When James and Fannie Horwitz experienced the unspeakable heartbreak of losing a child--their 2-year-old son Aaron in January 1865, they undoubtedly found some consolation in burying him in the new Jewish cemetery out in the countryside, west of the…

Upon entering the Tower Press building from Superior Avenue, one can not help but notice "The H. Black Co." engraved in tile over its doors. The Black family, enterprising Hungarian Jewish immigrants, decided to produce ready-to-wear clothing based…

St. Elizabeth of Hungary Roman Catholic Church sits on the corner of Buckeye Road and East 90th Street in Cleveland's Lower Buckeye neighborhood. In the late nineteenth century, the neighborhood became home to thousands of Hungarian immigrants who…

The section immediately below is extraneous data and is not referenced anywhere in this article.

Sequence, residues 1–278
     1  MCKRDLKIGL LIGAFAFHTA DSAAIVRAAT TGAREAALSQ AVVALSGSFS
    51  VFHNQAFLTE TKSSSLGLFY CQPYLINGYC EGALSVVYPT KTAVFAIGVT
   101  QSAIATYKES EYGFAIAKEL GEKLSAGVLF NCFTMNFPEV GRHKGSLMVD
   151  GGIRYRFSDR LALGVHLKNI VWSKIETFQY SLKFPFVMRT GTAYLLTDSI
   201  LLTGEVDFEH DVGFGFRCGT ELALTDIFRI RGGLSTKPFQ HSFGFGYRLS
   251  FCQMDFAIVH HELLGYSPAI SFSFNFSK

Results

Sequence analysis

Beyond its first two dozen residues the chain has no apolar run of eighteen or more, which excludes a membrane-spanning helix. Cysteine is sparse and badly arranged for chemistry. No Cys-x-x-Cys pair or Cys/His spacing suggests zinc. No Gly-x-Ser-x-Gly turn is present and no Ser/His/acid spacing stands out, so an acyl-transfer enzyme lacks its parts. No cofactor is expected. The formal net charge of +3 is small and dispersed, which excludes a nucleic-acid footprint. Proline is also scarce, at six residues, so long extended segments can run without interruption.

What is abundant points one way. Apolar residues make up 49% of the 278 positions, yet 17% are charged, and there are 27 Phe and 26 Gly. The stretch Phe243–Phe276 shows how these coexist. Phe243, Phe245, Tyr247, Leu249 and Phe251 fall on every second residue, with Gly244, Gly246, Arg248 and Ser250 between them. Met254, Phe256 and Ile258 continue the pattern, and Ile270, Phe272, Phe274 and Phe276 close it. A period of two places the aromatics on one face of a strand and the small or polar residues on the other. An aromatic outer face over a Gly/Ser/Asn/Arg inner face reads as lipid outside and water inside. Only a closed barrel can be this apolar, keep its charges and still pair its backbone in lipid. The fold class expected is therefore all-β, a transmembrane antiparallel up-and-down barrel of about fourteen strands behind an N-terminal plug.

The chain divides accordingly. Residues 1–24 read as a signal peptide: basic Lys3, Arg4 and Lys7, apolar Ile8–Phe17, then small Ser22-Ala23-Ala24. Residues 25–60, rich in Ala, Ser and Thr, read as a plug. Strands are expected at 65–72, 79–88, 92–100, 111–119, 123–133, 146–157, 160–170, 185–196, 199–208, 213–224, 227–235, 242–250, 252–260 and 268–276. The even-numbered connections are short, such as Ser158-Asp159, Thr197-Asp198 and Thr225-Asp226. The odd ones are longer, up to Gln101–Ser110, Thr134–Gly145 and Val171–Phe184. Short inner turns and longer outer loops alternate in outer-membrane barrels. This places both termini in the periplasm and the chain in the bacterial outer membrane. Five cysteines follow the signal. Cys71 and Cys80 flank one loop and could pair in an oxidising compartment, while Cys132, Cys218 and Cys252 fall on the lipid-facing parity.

The construction of city-run public bathhouses in Cleveland began around the turn of the twentieth-century as municipal leaders became concerned about health and sanitation in the city’s teeming immigrant neighborhoods. Many of Cleveland’s…

The Hungarian Cultural Garden began with the dedication of a bas-relief to composer Franz Liszt (1811-1886) on the site in 1934; it was completed and formally dedicated in 1938. The Garden is constructed on two levels along the upper boulevard, and…